Every new visit adds something to our conception, interpretation and (lived) experience of a city, more than reading a book or visiting an art museum ever could, as the latter ones are not rich enough in possibilities or just always the same. In cities there is always something new to explore, and they always show some new face of their own.[10] While this is a commonplace in works of art, which cities too often are regarded as being, cities make a difference to art by being, as other environments, wholes without frames and boundaries, the texture of which we consider natural for changes and development to occur, which is unseen in our relation to artworks, the integrity of which we fight for.

Changes in a city or new ways of approaching it, though, do not change our relation to it totally. For my own part, I inaugurated my love-hate relationship with Venice by arriving first at its railway station, but during one later trip and after reading Mann's work, I once took the boat back to Venice proper after enjoying a beautiful day at Lido ,and got the point of von Aschenbach's thoughts quoted earlier in this text, and through that experience my idea of approaching and entering Venice, and thinking about its façade, changed not just intellectually but also in its lived experience. It was a thrill! But the new perspective did not destroy the old one. Now two types of arrival oscillate in my experience of Venice, as also does the art-historical Venice I seek and the way it is served to tourists, without forgetting my lived experience and the experiences of Venice, which have been made a part of my Lebenswelt through literature and arts.

Analyzing arrivals takes us just one step further in a philosophical swamp where all attempts to understand cities and to sketch contours for experiencing them seem to be just adding confusion. But this confusion can also be seen as positive by confronting the endless aesthetic resources of cities and the fact that they do not match any of our needs to control or define the scope of our object of interaction, which is a commonplace in aesthetic discourse on fine arts and popular culture, where pieces also have unchangeable and clear boundaries, as well as signifying contexts which one can easily relate to. Aesthetically rich cities, like natural resources at their best, offer us enjoyable possibilities to lose control and to be surprised and seduced endlessly in new ways. If this article can in any way add to our consciousness of this dimension of aesthetic experience and our relation to cities, Venice or any other, writing it has been fully justified.[11]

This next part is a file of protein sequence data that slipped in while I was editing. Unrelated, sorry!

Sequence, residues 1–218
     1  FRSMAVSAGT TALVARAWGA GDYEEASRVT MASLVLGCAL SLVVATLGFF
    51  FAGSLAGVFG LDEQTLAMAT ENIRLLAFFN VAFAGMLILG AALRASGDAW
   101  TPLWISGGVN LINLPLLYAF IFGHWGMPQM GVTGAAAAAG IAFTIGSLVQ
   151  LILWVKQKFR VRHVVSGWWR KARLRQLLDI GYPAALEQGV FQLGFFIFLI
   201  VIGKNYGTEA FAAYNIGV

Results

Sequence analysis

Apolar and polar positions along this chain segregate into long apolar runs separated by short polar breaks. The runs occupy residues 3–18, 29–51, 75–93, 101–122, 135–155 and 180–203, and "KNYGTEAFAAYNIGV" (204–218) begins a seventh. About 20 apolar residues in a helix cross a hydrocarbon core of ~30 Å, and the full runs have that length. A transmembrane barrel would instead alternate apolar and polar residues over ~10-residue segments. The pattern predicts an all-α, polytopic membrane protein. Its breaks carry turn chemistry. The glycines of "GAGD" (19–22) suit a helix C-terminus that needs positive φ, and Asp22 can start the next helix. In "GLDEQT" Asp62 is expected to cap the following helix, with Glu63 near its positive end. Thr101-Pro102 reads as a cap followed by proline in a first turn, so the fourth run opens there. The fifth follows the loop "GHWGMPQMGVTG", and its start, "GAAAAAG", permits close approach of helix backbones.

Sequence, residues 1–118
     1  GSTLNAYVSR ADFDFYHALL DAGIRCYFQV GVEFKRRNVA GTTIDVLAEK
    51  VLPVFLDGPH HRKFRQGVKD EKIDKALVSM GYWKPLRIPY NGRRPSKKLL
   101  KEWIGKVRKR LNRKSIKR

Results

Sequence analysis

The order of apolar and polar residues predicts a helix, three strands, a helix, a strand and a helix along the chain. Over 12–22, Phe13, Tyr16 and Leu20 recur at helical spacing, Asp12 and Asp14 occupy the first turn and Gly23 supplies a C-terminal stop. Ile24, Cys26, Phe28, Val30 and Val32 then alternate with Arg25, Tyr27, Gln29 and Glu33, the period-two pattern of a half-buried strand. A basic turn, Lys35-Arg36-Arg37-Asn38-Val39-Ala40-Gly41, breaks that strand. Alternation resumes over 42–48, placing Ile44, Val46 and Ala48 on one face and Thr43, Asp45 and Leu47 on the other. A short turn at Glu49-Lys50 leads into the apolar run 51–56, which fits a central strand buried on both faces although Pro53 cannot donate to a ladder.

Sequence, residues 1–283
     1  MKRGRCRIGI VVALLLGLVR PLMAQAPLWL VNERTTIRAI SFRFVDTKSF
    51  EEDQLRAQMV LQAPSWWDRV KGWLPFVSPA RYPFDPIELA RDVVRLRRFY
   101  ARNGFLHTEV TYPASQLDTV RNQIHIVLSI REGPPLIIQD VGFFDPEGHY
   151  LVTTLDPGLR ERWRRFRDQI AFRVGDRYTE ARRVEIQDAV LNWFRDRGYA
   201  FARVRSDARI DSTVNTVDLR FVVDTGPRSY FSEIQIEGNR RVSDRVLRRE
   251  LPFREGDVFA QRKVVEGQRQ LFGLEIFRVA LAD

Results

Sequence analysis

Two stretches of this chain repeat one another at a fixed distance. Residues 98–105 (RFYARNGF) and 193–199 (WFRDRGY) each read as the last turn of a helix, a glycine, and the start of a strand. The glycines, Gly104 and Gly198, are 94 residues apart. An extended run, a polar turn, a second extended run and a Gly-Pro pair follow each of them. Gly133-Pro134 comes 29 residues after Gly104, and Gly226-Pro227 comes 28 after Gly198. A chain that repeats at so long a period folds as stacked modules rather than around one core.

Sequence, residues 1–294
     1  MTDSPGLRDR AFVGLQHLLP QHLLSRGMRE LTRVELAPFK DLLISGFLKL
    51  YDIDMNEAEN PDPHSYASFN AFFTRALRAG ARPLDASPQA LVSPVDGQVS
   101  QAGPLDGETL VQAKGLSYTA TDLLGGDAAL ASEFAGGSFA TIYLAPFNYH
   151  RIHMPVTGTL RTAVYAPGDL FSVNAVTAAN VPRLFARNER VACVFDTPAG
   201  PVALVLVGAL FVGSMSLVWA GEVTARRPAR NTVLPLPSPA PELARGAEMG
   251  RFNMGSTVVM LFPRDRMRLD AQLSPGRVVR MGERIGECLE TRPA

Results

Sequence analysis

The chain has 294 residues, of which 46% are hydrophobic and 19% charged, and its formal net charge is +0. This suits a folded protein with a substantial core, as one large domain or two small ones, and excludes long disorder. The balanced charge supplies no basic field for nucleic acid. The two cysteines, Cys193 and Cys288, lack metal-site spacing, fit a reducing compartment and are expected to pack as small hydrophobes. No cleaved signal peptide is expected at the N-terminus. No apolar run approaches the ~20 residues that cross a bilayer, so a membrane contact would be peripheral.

Endnotes

[1] For miniature copies of Venice, see the great pictures on the nearly natural size Las Vegas, Rimini and Shenzhen franchises in the August-September 1999 issue of Colors, edited by Oliviero Toscani, pp. 4-7 and pp. 18-19. For smaller miniatures, with no possibilities to move around in the scenery, see, for example, the Euro Theme Park in Belgium and the Toichigi Venice in Japan, pp. 14-17.